The education system of the two languages coexisting together is also separated by the ethnicity of the children in order to facilitate language development for each respective group. The possibility of interlingual mingling is quite high, even though the research does not specify anything of the sort when it comes to local affairs. Relating to local affairs, public disputes and crimes are handled in a unique way in Pyla due to the location of the village itself in the buffer zone that the UN established. The Turkish police and the Greek police are gathered along with the UN officials that are in charge of keeping the peace in the village and the other villages mentioned in the buffer zone (Theodorou). The UN officials have the final say in the dispute that is being discussed in those proceedings, but the police of both sides of the village collaborate with the UN peacekeepers in order to make sure that there is not any bias when it comes to the final verdict of the crime committed (Theodorou). Also within the town are various churches for those who follow the Greek Orthodox faith and a beautifully decorated mosque that is made for those of the Islam faith, specifically those who identify themselves as Sunni Muslims. These sacred places that house those of each respective faith are located more in the areas where the religion is generally more prevalent, i.e. the churches in the Greek Cypriot side of the town and the mosque in the Turkish Cypriot side (DW). That does not mean, however, that none from the Turkish side of the village do not go to one of the Greek Orthodox churches and vice versa, it is just quite more common in Pyla to see each side go to their respective places of worship in their areas.

Oswald, Alexis. International Storytelling, 2016, 10 Nov. 2021. 

Diverting away from the separating nature of the people within the united village, there is a multilinguistic choir there that carries the message of unification of the country within all of their songs. This choir accepts anybody from the village, advocates for the goal of unifying the country, and the destigmatizing of the hostility that has been present between the two ethnic groups since the day of the Greek-supported coup d’état (DW). The songs that are sung by the inclusive music group revolves around tolerance for the ethnic differences of the two groups all around the country, acceptance, and love towards each other in order to end the Cyprus Dispute. The people who are a part of the choir are those who promote a jovial atmosphere and constantly strive for the goals that they sing about profusely. In addition, they even do language lessons for each language so that the equality of the choir is maintained, and mutual understanding is promoted in order to break language barriers (DW). The choir is a group in Pyla that is supported by the UN due to the fact that it is one of the very rare instances at the time of writing this where the two fighting groups are coexisting in harmony (DW). It is essentially a cross-culture project that is living proof that the two sides can put their differences aside and come to an agreement regarding territorial disputes and hostilities that range over many decades. In essence, it is the symbol of what is to be desired for the future of the country.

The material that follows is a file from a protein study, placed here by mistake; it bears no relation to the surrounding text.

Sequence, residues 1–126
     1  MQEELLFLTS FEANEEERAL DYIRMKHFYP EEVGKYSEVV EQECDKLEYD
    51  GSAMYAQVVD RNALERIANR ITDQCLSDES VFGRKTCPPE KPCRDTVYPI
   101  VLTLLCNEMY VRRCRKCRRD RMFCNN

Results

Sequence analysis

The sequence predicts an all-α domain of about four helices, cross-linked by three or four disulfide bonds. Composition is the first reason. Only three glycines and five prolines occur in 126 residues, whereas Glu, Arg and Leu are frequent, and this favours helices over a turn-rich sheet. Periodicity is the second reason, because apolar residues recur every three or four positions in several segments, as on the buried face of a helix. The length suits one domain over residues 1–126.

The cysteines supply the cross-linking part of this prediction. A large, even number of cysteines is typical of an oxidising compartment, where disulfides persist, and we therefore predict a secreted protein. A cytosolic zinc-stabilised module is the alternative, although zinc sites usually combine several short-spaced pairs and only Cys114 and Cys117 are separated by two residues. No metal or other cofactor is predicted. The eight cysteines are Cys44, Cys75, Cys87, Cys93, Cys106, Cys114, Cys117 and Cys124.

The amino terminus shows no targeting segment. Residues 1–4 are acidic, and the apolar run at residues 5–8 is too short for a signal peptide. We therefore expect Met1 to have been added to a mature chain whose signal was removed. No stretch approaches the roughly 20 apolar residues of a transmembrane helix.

Overall the situation in Pyla is quite stable and is harmonious enough to allow tourists to visit and experience the unique occurrence of two distinct cultures living side by side amidst the ongoing political war between the two governments. There is a certain amount of separation within the village itself that specifies the sides where the Greek Cypriots and the Turkish Cypriots reside generally, the education system of each side, the places of worship, and the attractions that each side provides for tourists, but it does not signify the shattering of unity that the village encompasses. This unity is the soul of the choir that fights daily for the end of the dispute that has been going on for centuries. It must be clarified that the separation of these ethnic groups is not means for claiming that segregation is at work and unity is a falsehood in this circumstance. Mutual cultural understanding is the name of the game here and Pyla continues to pioneer for the unity that was had almost a century ago. Pyla is the start of a new future for the country of Cyprus, a future of Cypriot harmony.


(, Deutsche Welle. “Pyla, Cyprus: Life in a Divided Village: DW: 09.11.2003.” DW.COM, 11 Sept. 2003,

Kondakova-Theodorou, Evgeniya. “Pyla: Where Cultures Meet: Cyprus for Travellers.” Pyla: Where Cultures Meet | Cyprus For Travellers, 8 Sept. 2018,

Panayides, Theo. “Pyla Community Leader on His Unusual Village.” Cyprus Mail, Cyprus Mail, 10 Mar. 2021,

Organization, Turkish Heritage (THO). “The Cyprus Dispute at a Glance.” The Cyprus Dispute at a Glance, 22 May 2017,

Canno. “The Unresolved Cyprus Problem.” Le Petit Juriste, 28 Apr. 2016,